I strongly suspect that the reasoning here goes like, we've gotten so far as to accept an entity that founds the universe, and the being described by God in the Bible founds the universe. They have to be the same thing! This disregards the distinct possibility that both lines have a common thread.

The basic question is how do you get from Deism to Theism, and that is not easy to answer.

rank sophist said...

Hunt,

Most people have not spent a lot of time reading the Theologica and contra Gentiles. The explanations are in there, in detail. There's no jump at all. Plus, if you accept all five Ways, then you're already dealing with a God who causes all change and creation at every moment, who is necessary rather than contingent, who is the source of all perfections, and who directs all living things toward their final causes. In other words, a God who is beyond infinite, beyond all-powerful and beyond perfect, and who has a direct hand in everything. Also, this deity is apparently interested enough in humans to give them the ultimate gift of existence.

This version of God generally corresponds to those of traditional Judaism, Islam and other religions. This is one key reason why the One God Further objection fails: we aren't necessarily atheists about other versions of God. We disagree on doctrine and ritual, but the major religions are far more similar than atheists realize. I am not an atheist with regard to Allah--I merely disagree with certain Muslim characterizations of Him.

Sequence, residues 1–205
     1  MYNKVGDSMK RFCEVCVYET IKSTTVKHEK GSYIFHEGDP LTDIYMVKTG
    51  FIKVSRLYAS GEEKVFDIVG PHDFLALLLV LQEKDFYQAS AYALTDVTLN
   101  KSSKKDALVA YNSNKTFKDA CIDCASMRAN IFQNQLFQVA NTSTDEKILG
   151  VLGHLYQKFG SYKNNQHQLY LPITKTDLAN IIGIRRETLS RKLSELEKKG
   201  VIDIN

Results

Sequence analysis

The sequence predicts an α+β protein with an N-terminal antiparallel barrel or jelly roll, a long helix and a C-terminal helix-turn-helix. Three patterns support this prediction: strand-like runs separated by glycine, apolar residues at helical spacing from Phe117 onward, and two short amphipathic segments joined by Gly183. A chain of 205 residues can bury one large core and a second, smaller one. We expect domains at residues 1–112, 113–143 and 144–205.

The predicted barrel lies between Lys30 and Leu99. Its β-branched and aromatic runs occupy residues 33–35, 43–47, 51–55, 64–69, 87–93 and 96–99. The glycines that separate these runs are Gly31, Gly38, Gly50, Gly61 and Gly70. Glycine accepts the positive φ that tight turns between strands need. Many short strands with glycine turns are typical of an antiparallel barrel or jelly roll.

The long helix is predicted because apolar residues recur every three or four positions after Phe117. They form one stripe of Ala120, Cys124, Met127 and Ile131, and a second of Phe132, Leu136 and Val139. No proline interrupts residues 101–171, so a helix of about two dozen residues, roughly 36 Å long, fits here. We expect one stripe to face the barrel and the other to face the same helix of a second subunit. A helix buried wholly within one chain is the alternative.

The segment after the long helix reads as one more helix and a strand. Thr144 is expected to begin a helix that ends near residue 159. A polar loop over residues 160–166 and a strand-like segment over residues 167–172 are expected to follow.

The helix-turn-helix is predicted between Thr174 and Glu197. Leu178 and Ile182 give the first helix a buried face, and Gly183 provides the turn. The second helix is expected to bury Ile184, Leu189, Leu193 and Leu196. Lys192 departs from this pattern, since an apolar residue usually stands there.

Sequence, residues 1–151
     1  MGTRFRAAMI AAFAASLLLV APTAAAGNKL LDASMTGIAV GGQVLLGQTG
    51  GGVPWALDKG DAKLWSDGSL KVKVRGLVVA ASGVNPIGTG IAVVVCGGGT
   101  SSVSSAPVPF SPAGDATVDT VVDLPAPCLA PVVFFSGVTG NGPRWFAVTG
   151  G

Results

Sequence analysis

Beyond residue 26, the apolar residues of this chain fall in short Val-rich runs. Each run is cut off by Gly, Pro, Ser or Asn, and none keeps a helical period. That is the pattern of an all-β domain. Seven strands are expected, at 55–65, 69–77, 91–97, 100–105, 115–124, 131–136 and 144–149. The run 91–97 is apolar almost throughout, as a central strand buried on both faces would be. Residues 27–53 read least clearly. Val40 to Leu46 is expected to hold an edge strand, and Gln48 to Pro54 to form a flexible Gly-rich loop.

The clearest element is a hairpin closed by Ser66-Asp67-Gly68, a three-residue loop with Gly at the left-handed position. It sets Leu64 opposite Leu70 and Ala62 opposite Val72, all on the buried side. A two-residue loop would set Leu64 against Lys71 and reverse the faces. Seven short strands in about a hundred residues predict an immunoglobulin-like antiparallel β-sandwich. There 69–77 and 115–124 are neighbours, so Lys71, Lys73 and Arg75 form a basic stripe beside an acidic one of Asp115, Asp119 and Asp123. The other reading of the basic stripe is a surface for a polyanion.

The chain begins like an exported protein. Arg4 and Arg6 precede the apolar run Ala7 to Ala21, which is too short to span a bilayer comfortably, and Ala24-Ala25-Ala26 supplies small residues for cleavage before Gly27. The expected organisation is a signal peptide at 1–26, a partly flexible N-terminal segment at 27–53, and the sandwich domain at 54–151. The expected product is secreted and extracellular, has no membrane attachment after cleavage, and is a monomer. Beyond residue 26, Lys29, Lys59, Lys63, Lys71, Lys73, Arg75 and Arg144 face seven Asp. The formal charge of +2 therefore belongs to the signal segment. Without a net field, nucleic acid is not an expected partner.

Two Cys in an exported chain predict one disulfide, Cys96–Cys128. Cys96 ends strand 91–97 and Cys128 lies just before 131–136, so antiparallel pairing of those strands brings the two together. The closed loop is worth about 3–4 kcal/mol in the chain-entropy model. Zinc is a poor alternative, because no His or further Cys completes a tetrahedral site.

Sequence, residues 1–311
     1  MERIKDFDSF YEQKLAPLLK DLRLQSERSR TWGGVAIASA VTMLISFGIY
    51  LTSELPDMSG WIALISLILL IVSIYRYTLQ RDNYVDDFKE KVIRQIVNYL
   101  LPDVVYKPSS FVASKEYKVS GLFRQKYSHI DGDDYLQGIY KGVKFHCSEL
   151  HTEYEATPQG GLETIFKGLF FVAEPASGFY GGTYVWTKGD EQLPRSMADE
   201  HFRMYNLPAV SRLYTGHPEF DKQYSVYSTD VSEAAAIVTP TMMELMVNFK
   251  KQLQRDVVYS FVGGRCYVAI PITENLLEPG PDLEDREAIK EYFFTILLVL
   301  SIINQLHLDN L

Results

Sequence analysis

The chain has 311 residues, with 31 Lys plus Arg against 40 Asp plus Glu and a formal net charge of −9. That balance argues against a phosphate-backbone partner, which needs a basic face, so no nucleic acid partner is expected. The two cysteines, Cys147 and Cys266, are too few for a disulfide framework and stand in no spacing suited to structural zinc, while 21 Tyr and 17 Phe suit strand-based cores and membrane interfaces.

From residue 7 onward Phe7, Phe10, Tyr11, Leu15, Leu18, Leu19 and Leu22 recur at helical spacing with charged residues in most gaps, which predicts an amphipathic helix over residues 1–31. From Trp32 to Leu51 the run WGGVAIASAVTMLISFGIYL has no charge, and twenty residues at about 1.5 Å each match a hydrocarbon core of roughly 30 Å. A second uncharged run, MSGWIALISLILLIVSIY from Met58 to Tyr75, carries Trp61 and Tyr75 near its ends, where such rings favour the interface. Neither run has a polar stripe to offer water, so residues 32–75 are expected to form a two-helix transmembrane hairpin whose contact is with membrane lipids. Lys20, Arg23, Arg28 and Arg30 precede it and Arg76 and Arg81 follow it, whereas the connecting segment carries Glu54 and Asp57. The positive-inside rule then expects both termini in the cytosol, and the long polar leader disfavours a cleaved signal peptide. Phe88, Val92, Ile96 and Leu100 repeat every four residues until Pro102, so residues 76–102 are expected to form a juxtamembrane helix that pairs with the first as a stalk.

BenYachov said...

>But "God" also generally denotes a /person/, someone who /loves/ his creations, who gets /angry/ with them, who /judges/ and /intervenes/ in human affairs.

Thomist believe all that too except analogously not unequivocally.

God can't "intervene" in human affairs because He is already involved causing them here and now simply TO BE.

I'm sure there is something for Atheists to dislike. They just have to learn enough philosophy to articulate what it is.

Eduardo said...

Potty you are incorrect. If the ground reality is personal, and has free will ... we tend to call that sort of a thing a god.